The Making of MCR

From the beginning, MCR Labs has prioritized patient & consumer health.

MCR Labs Founder Michael Kahn with his first official employees.

“It started off as just trying to fill a need,”

– Michael Kahn, President & Founder of MCR Labs

When voters first decided to legalize medicinal cannabis back in 2012, patients were hopeful this would be a turning point for them. Finally, they would no longer be considered criminals by the state for using a plant to treat conditions like cancer, glaucoma, and PTSD.

However, granting patients the right to use cannabis is one thing. Actually providing access to safe products is another. Unfortunately for Massachusetts residents, it would be another three years before Massachusetts finalized regulations for testing cannabis and even longer before dispensaries who had the resources and capital to comply with new regulations would come online.

The need for access to safe product was obvious and is what ultimately pushed Michael Kahn, President and Founder of MCR Labs, to take the plunge into the cannabis testing industry.

“It started off as just trying to fill a need,” Kahn said. “The whole program started with doctors making recommendations to patients without a system for safe access. There was just so much need out there and we were really just trying to help.”

With patient health and safety as his objective, Kahn set out to establish a lab that could satisfy that need for quality testing. After incorporating the lab, the next step was to approach Scott Churchill, a former colleague of his from his years working as a chemist, to see if he would serve as MCR’s lead scientist.

At the time, Churchill had never even heard of medical cannabis. After taking some time to research the subject and the industry, however, Churchill decided to take the leap. “I saw a lot of opportunity to bring good science to this field,” he said.

They started off attending as many cannabis-centered events possible, especially the Department of Public Health’s meetings. At the time, the DPH had been charged with overseeing the medical cannabis program and was in the midst of setting regulations surrounding product testing.

Having previously worked in pharmaceutical contract research, Kahn said he knew from experience that third party testing is often the most efficient and cost-effective way to screen products.

“It was pretty obvious to me at the time that it should at least be allowed because it could turn a large, fixed cost into a smaller, variable cost. It would be much more efficient than to require a testing laboratory at every grow site,” he said. The DPH agreed with Kahn, and wound up requiring third-party testing for all cannabis products.

Kahn spent a lot of time back then at DPH meetings, and others like it, advocating for patient rights and product safety. At the same time, he and Churchill traveled from town to town in search of a community that would allow them to open a cannabis testing lab.

“Sometimes I would get, ‘We’re not interested at all. Please never come back,’” he said. “Other times, I would get, ‘We’re not ready. We don’t know how to zone you guys. We don’t know what to do.’”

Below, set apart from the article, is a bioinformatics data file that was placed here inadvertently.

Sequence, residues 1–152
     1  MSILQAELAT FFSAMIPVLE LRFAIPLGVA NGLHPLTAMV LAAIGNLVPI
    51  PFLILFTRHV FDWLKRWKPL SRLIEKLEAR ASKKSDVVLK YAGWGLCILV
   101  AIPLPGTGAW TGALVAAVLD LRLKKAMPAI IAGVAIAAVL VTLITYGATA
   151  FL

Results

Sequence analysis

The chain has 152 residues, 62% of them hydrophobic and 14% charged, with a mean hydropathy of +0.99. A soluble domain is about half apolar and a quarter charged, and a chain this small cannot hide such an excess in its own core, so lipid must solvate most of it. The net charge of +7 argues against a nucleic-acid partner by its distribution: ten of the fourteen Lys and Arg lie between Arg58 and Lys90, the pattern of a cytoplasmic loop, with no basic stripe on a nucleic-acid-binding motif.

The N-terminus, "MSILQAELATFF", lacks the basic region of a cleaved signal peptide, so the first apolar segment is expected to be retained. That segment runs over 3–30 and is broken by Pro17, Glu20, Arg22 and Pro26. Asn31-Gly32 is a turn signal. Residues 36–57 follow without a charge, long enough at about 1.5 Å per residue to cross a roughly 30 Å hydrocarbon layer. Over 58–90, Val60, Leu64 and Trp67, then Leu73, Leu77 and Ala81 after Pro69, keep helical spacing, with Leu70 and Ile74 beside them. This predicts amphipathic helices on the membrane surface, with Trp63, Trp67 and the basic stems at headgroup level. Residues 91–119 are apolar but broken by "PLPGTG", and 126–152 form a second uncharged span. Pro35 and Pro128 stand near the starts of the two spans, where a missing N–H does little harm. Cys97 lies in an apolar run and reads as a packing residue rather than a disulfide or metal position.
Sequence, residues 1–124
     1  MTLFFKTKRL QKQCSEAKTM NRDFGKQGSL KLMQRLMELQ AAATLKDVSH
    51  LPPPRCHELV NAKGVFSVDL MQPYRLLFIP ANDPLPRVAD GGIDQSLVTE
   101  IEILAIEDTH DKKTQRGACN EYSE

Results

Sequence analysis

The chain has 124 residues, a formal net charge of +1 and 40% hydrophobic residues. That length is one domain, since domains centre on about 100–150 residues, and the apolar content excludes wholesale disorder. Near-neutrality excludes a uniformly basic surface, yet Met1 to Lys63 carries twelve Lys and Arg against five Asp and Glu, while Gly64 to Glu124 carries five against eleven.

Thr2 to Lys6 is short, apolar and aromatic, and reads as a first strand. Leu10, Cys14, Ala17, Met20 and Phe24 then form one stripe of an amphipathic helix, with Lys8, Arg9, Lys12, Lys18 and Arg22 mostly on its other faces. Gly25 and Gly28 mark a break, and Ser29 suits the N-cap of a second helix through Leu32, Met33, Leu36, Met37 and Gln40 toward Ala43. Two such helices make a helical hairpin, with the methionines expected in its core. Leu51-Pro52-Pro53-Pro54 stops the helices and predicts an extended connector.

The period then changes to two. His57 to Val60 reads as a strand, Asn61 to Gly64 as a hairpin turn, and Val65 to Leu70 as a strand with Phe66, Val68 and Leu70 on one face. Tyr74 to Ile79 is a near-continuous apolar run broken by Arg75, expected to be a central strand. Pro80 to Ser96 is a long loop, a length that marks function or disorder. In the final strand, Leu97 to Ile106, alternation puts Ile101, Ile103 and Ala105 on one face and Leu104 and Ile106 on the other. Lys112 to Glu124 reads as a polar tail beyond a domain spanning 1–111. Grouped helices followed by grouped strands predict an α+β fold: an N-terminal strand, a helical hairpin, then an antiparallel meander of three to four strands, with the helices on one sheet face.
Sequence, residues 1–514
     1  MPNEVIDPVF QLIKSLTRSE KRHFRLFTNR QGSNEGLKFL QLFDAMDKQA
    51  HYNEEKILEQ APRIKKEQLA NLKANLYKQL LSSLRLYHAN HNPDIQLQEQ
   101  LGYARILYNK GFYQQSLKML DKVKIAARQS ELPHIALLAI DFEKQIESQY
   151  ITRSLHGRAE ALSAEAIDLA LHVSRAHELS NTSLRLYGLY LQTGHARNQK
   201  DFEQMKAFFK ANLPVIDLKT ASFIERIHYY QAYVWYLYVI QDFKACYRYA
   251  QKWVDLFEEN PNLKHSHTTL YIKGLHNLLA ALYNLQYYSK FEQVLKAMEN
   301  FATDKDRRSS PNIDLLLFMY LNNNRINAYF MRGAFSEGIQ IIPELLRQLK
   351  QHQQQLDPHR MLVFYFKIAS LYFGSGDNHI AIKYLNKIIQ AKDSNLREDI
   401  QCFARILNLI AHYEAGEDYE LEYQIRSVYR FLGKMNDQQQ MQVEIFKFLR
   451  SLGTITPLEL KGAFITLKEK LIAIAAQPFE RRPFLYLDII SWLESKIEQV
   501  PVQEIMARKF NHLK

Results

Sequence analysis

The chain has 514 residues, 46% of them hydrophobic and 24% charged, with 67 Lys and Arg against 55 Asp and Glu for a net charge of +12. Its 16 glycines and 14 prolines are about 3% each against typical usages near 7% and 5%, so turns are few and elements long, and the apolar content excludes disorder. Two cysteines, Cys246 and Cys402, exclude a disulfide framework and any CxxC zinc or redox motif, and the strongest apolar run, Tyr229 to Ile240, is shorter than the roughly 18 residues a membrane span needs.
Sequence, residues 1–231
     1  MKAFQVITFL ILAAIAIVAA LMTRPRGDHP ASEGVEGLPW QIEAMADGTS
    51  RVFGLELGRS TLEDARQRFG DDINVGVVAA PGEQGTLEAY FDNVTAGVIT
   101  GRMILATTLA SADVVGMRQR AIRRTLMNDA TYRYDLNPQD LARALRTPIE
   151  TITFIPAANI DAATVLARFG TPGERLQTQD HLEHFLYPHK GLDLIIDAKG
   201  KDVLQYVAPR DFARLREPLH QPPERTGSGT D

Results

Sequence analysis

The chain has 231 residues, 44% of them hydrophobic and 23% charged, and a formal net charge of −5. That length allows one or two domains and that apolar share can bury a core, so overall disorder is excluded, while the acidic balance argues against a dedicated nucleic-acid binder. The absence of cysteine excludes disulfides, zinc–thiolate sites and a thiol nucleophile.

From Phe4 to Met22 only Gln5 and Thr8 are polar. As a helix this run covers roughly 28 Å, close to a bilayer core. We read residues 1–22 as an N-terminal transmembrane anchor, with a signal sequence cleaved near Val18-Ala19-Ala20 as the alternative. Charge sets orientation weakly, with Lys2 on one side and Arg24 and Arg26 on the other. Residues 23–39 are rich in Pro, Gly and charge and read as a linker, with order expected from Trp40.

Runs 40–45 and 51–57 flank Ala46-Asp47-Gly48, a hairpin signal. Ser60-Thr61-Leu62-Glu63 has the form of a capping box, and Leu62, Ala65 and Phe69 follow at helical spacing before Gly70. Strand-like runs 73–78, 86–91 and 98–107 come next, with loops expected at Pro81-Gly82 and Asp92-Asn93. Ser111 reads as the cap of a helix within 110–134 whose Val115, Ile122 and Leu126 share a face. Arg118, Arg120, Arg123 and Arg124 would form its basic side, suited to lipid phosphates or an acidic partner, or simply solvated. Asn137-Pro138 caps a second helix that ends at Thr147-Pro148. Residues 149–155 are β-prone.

And then, after months of hearing the word ‘no,’ they finally got a yes.

Framingham, the state’s largest town that would eventually become a city, said yes. Kahn and Churchill, along with Kahn’s brother Yasha, moved into a small office on Tripp Street, where they would remain for the next three years. They fished an old High-Performance Liquid Chromatography machine out a friend’s basement and spent days cleaning and refurbishing it.

Within two weeks, they had a method to test for cannabinoids up and running. Demand for testing was high, and they worked through Thanksgiving to get the method ready for anxious patients and caregivers.

“It’s crazy to me that we did it that fast,” Kahn said. “ In pharma it would take at least two weeks to develop one molecule. And here we were trying to do all six.”
Back then, there were only six cannabinoid standards available for MCR to use for testing. Since then, the company has expanded its cannabinoid screen scope to 17 (and counting), as more standards became available.

For the most part, business proceeded at a rapid but steady pace. In January 2014, the following year, the lab had its first ISO audit and was accredited for their cannabinoid method. In 2015, as the DPH released draft regulations on testing, the lab developed methods for heavy metals, microbiological contaminants, pesticides, and residual solvents. They also hired their first few official employees and moved to a larger basement office on Speen Street in Framingham.

All the time spent at community events and government meetings paid off for Kahn and company. Clients flowed in, almost always after hearing a personal recommendation from another client.

“A lot of it was word of mouth,” Kahn said. “It took time to develop and build trust with the community. But our goal has always been public health through accurate testing. As long as we stuck to that people came.”

The landscape of the Massachusetts cannabis industry has changed significantly since then, however. After the state legalized recreational cannabis in 2016 and the first adult-use shop opened up in 2018, business surged. What was a company of about 10 in 2016 quickly grew into a company of over 50 employees. MCR Labs is constantly hiring laboratory staff to keep up with the testing demand as new dispensaries come online.

But even as the lab’s focus has shifted toward dispensary testing, the number one mission is still consumer health and safety.

“Our focus is still on public health. Today, we have to work on that goal through collaboration with the producers. They’re a critical part of it now,” Kahn said. “We achieve public health through accurately reporting our data to them, as well as to patients.”

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